Our study has some limitations. First, the majority of responding parents were mothers, although the questionnaire was addressed to both parents. This seems common in studies assessing parental attitudes regarding HPV vaccination [10, 39, 40]. We do not expect this limitation to have biased the results. Second, the response rate of parents was relatively low (31%). However, the rate is similar to other DCE studies [28, 41]. As indicated by the high educational level of most parents, due to the low response rate, our sample may not be representative of the general population. This may limit the external validity of our results. We recommend that in future research ways are sought to include parents with a low educational level in DCE studies. The relatively high score for subjective numeracy score indicates that our sample probably did understand the risks and percentages they had to compare in the DCE task.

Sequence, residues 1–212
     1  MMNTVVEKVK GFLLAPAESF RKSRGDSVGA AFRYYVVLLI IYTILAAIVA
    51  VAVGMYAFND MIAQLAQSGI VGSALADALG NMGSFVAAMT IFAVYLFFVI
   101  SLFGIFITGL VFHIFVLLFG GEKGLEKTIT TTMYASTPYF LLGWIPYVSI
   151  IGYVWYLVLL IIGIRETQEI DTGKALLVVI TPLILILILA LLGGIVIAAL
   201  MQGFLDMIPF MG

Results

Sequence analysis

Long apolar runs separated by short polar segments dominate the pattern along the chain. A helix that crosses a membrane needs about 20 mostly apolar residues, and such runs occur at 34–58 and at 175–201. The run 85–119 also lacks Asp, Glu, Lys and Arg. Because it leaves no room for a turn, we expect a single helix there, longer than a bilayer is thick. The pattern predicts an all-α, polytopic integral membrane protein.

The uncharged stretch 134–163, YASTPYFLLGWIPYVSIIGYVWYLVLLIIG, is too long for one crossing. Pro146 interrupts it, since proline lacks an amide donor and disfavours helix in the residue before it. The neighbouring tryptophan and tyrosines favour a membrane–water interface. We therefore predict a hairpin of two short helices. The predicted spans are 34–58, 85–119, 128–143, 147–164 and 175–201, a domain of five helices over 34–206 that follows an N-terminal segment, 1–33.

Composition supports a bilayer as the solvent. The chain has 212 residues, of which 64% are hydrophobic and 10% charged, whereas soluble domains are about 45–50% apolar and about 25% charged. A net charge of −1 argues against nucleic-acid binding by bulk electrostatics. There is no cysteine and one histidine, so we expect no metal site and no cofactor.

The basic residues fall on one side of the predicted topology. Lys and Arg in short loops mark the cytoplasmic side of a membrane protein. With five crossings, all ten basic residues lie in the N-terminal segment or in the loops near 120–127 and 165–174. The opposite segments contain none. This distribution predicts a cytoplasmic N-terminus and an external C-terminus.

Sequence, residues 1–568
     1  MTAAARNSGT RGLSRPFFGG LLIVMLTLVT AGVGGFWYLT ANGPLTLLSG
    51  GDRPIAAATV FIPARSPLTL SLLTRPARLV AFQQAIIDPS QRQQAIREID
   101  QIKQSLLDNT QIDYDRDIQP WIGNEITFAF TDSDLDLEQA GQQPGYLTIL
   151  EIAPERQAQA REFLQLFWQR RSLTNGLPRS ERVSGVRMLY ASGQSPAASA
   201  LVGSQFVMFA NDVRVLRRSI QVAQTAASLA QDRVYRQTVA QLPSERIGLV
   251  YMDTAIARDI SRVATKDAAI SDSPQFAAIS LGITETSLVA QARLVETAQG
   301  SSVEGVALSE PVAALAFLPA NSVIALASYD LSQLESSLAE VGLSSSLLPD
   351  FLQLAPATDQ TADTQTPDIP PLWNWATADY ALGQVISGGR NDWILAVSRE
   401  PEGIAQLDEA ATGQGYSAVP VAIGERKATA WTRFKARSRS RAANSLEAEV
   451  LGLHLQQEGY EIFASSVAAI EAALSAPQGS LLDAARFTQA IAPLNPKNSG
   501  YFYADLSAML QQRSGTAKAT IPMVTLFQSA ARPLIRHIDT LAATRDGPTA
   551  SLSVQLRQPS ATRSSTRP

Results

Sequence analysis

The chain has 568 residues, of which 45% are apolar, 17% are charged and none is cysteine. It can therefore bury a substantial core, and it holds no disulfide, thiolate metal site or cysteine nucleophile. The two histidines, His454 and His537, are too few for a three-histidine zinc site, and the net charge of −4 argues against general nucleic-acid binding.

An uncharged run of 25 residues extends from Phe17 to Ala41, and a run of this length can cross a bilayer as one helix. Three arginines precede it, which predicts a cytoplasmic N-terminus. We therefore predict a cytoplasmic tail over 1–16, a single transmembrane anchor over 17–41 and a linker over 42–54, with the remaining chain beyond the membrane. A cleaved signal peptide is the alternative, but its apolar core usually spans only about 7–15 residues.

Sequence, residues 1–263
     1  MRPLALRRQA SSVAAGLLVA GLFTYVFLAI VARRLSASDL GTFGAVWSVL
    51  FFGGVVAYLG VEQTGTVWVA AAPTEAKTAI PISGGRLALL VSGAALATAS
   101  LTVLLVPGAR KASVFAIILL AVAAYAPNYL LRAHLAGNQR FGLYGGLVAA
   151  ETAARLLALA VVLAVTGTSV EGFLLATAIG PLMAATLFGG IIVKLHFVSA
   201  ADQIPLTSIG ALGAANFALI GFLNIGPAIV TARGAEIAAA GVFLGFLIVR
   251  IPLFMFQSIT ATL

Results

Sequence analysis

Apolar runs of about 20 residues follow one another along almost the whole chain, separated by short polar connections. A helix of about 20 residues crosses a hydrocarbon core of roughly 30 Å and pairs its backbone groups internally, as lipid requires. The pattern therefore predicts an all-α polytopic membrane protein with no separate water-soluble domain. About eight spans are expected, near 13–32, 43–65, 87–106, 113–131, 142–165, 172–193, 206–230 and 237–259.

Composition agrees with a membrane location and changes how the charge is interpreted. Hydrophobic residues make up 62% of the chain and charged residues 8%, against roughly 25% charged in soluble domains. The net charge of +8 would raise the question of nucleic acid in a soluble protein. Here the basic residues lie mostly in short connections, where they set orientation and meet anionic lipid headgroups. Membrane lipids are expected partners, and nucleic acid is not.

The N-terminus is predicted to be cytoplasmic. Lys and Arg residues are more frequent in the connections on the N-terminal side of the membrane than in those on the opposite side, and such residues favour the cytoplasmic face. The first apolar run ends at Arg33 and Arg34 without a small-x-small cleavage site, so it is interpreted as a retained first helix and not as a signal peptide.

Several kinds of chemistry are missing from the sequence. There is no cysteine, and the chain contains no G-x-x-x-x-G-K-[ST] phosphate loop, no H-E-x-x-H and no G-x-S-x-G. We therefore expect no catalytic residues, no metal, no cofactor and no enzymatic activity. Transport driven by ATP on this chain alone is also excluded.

In conclusion, this study shows that parents’ preferences for HPV vaccination were influenced by the degree of protection against cervical cancer, the duration of protection, the risk of serious side-effects, and the age of vaccination. Uptake may rise if the age ranges within which a girl is entitled to free HPV vaccinations are broadened. Based on the trade-offs parents were willing to make, we conclude that uptake would increase if new evidence indicated outcomes are better than are currently understood, particularly for degree and duration of protection.